• I’m talking about the trilogy + The Hobbit, pretty much. The rest of the stuff was tedious, I agree. Although I’d argue a fine point – that tediousness was more about the writing, as opposed to Herbert, where the navel-gazing sort of BECAME the world.

  6. Fair enough, since that’s what I was talking about too.

    There is a lot of depth to Middle Earth that isn’t scratched in the four main novels, while there’s less depth that’s better explored in the first 3 Dune novels (IMO).

    I’ve had people tell me that the Chronicles of Thomas Covenant are deep like Tolkien, but as I’ve never read the novels, I can’t say. When I’m writing my own stories, though, I spend a LOT of time creating the world, and that’s probably because I’ve loved deep and rich settings for the books I’ve read. I’ll never try to create my own language, however. Some things you need to be an expert to pull off.

  7. I thought Herbert’s Dune series had a pretty well-developed world, although I agree with Sam that there got to be far too much navel gazing. On a somewhat different note, I thought Richard Adams did a pretty successful job creating a world with Watership Down.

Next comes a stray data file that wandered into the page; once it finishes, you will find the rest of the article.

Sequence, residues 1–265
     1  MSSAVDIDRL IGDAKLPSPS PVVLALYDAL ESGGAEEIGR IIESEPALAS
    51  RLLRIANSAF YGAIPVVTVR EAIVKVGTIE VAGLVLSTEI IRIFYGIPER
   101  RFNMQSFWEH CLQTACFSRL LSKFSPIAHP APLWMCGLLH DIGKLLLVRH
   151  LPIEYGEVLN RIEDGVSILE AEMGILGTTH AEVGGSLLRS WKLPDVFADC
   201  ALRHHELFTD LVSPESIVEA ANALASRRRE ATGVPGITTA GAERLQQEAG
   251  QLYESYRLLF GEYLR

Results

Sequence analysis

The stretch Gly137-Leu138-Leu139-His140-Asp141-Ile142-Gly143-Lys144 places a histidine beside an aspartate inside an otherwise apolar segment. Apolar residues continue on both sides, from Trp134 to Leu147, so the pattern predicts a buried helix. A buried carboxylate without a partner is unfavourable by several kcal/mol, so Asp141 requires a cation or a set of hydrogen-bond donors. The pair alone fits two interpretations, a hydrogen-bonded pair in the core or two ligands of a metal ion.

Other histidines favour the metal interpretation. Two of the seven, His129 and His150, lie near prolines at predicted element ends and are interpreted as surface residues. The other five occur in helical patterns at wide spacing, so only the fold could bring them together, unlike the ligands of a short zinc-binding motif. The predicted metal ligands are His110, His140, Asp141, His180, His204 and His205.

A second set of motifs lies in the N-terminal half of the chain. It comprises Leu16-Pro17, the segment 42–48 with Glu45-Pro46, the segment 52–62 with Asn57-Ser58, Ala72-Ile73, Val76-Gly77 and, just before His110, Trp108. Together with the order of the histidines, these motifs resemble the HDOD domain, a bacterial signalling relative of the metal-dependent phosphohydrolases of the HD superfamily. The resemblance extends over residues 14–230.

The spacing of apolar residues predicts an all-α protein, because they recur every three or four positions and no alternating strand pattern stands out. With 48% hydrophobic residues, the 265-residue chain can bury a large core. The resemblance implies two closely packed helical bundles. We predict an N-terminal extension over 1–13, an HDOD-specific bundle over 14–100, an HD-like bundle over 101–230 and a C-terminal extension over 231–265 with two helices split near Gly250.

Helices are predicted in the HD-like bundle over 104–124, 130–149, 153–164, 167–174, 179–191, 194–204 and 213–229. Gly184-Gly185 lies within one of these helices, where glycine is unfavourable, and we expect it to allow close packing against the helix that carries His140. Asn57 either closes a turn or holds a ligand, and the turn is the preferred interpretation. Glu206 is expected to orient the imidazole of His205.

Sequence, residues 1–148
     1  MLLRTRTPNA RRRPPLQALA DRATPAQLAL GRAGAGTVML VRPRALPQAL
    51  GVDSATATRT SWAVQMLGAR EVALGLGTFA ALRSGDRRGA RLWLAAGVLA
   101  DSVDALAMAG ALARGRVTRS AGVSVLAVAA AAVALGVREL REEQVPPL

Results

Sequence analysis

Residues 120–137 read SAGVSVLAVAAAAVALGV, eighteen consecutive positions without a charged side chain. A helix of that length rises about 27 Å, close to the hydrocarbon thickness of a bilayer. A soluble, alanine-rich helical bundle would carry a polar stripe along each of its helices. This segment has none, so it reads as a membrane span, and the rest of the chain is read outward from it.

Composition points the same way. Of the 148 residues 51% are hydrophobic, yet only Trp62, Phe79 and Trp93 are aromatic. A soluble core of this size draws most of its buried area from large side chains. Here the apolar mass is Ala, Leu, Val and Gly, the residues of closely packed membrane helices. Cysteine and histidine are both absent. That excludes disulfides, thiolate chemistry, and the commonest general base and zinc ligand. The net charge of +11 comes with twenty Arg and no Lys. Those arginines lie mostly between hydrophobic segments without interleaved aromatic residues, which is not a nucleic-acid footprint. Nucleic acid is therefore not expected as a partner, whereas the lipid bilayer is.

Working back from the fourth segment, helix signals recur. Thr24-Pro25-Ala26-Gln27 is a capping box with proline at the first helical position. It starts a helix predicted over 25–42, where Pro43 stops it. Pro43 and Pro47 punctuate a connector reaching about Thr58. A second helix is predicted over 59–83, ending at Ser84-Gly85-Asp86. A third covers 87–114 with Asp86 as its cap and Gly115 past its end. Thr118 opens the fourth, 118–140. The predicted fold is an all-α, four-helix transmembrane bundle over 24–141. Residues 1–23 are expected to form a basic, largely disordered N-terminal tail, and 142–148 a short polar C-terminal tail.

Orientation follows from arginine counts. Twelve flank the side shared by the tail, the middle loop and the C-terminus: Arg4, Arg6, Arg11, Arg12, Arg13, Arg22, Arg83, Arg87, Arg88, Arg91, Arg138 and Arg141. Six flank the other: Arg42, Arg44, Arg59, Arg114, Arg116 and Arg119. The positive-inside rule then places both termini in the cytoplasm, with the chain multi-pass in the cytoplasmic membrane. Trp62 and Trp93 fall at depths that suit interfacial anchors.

8. While the Covenant books are pretty amazing, because the main charecter is such an… unsavory individual the impact isnt the same, the series is more cerebral about the man himself. The best fantasy series I’ve read any time recently that might be on the level of LOTR is the song of ice and fire series by George R.R. Martin. Its been painful waiting for the books (the first one came out in 96, and there have been wait times of years between books) but they are what Id consider so epic that so far it has been worth the wait. They differ on various levels from the LOTR series, but like LOTR they are a series of books I’ll pick up and reread every few years, which for me is extremely rare.

  9. i was actually pretty cool with the book in general – as I was after some mindless escapism, which I got in spades. My big gripe is that the ending was like whaaaa? It was a pity to end a pretty darn entertaining series with a weird bunch of events that felt like I was starting the book again. But the fighting scenes were sweet.

  10. The orcs books go much farther than the first three in that set. So yeah he is actually kind of starting over. That was just kind of an intro to the orcs to get you attached to them and their personalities.